Perelman's Jody Foster discusses Penn Medicine's new campaign to encourage professionalism in the workplace.

Companies expect every employee to behave respectfully in the workplace, but that doesn’t always happen. A lack of professionalism can imperil an employee’s future, isolate co-workers, upset customers and infect the wider corporate culture. Workplace incivility in health care can be especially harmful because mistakes made by distressed employees can have grave consequences. The Perelman School of Medicine at the University of Pennsylvania has launched a Campaign for Professionalism to mitigate such conflicts.

Jody Foster, clinical associate professor of psychiatry at Perelman and chair of the Department of Psychiatry at the Pennsylvania Hospital, is the executive clinical director of the professionalism campaign. She spoke to the Knowledge at Wharton radio show on SiriusXM about why Penn Medicine is leading the charge to bring civility back to the workplace — and perhaps the culture at large. (Listen to the podcast at the top of this page.)

An edited transcript of the conversation follows.

Knowledge at Wharton: You were co-author of a book that came out two years ago, The Schmuck in My Office: How to Deal Effectively With Difficult People at Work. This campaign brings that book to mind because unprofessionalism is a growing concern. Tell us about the campaign.

Jody Foster: This is an absolutely ubiquitous issue, and it’s become much more of a cultural conversation these days. The culture is changing. You really can’t read an article or hear the news without hearing something about somebody’s behavior in some way lately. The cultural threshold for tolerance of incivility and lapses in professionalism has really just dropped.

[Perelman School of Medicine Dean] Larry Jameson was reviewing some of the comments from our medical students about their experiences on some of the clinical rotations. In reading some of the comments, it really drove home that professionalism is an issue right here at home and that we need to really address it in a structured way.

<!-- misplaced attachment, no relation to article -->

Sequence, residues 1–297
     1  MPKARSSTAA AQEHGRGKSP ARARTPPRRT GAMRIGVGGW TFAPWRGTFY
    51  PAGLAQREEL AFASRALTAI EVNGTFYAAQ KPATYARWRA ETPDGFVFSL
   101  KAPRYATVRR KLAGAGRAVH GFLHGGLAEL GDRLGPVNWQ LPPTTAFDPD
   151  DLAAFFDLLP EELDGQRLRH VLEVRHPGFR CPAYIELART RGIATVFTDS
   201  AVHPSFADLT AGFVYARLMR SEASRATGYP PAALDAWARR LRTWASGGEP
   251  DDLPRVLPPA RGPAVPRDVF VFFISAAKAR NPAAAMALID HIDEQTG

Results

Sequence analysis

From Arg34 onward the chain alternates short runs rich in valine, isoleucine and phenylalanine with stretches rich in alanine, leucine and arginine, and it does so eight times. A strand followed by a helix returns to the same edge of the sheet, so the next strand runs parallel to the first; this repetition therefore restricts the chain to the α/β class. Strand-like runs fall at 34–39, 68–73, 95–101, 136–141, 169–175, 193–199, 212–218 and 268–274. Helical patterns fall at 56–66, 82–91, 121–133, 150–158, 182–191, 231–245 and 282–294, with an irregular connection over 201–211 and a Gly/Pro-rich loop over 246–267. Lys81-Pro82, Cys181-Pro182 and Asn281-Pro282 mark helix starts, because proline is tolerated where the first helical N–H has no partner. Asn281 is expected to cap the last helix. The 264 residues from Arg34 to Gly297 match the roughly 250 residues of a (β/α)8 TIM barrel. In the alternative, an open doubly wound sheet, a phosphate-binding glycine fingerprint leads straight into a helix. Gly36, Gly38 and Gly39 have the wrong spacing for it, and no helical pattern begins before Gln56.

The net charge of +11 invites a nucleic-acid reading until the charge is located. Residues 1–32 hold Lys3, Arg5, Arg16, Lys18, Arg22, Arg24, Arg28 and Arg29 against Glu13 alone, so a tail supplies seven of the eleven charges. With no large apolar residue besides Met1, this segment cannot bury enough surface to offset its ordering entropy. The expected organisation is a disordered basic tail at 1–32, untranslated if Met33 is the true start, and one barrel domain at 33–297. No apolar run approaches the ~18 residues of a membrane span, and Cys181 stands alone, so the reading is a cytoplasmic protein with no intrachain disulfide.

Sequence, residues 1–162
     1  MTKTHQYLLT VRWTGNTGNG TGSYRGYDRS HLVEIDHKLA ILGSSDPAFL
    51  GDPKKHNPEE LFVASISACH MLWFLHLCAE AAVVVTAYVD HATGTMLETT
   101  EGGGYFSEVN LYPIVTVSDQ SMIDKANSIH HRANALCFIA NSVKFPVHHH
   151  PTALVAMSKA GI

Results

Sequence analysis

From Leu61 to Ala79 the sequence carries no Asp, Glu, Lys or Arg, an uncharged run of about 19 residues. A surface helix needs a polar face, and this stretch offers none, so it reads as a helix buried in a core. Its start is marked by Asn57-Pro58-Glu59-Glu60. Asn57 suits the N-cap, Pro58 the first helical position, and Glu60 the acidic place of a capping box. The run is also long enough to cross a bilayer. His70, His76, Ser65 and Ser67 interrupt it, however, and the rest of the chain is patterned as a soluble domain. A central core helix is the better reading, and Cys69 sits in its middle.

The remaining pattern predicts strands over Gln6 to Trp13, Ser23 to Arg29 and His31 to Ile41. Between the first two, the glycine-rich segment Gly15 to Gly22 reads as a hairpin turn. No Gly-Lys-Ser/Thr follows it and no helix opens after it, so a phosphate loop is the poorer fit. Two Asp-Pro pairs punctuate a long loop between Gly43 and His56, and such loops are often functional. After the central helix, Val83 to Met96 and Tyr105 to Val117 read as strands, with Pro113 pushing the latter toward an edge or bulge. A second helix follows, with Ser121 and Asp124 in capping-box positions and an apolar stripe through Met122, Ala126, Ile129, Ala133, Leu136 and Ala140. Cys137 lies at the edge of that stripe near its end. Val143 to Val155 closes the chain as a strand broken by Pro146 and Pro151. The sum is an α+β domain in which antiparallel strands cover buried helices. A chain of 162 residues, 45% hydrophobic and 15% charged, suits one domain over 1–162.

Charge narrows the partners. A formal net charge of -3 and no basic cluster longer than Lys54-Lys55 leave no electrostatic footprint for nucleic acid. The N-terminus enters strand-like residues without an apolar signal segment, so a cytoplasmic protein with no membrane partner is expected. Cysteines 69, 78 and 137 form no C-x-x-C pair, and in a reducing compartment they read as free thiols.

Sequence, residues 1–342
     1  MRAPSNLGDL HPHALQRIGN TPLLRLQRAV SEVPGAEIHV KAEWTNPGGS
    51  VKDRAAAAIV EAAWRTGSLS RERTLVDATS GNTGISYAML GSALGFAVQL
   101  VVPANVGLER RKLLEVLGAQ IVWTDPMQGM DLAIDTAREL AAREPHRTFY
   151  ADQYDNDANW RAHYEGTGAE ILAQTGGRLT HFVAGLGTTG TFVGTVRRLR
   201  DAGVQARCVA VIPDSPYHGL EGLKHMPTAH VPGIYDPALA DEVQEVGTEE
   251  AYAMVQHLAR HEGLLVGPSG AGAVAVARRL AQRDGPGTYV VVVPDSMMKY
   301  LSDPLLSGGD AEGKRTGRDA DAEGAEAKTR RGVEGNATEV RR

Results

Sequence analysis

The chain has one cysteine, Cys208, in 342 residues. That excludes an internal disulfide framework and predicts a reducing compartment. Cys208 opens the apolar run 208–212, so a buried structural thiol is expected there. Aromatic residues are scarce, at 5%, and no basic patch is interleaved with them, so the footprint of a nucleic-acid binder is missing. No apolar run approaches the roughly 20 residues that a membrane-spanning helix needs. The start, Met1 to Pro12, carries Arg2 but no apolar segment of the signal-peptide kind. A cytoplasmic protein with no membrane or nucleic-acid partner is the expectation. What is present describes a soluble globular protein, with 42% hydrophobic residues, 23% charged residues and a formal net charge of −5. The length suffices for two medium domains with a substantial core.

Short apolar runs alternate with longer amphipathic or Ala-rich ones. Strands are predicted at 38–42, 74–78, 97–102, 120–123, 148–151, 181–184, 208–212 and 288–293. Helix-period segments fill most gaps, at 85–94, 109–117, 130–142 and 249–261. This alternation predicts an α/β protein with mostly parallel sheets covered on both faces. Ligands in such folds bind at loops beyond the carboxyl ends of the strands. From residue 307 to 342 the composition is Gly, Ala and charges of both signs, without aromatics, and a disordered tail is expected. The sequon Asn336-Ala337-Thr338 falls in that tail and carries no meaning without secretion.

The announcement of the campaign came in May, and there was a decision to have an assistant dean for professionalism. I was happily chosen to take on that role. We’ve been doing a number of things to try to lay the foundation and the scaffolding to build a professionalism structure that will, over time, change our culture. One of those things is a value statement. What is professionalism at Penn Medicine? What is our code of conduct?

I think code of conducts can be a little funny because when you’re about to act out in some way, if you’re going to do something terrible, you don’t say, “Hey, wait, let me check the code of conduct to see if I can do this.” At the same time, it lays out what you believe in and what your value system is. This becomes important in pretty much every aspect of work, particularly as you’re bringing someone into an organization.

The clearer you are when you’re interviewing somebody about what your culture and value system is, the more able you’re going to be to convey those rules of engagement. In so doing, you’re going to be able to convey to the people who are interviewing for jobs at your organization that this is a place that melds with who I am or does not. It helps people make better decisions about fitting themselves in appropriate cultures. That alone can bypass a number of the conflicts that come up in a workplace.

Knowledge at Wharton: Is it at that human resources point where professionalism starts for the entire company?

Foster: I would say that cultural misfits are a big reason for conflicts that occur in the workplace. That’s just one part of our campaign for professionalism, but it’s a super important part. It’s so important that we are in the process of developing something that we’re calling a success profile, where we’ve collected the five or six top lapses or breaches of professionalism that occur.

These are stories that occur over and over again, and we’re turning it on its side and saying, “If this is what the behavior that we don’t support looks like, what does behavior that we want to encourage look like?” We’re creating a success profile template based upon that, so that when we’re thinking about promoting someone or giving an award to somebody, we can say, “This person really does embody or exemplify these qualities.”

“People don’t set out to be disruptive. People are people, and we all have traits.”

It’s certainly my belief, and I think an appropriate belief, that people are not inherently malicious. People don’t set out to be disruptive. People are people, and we all have traits, we all have characteristics. We bring those characteristics around with us all the time — at home, at work, whatever. If we have inadvertently found ourselves in a culture where the way that we navigate the world doesn’t work, we are going to have conflicts.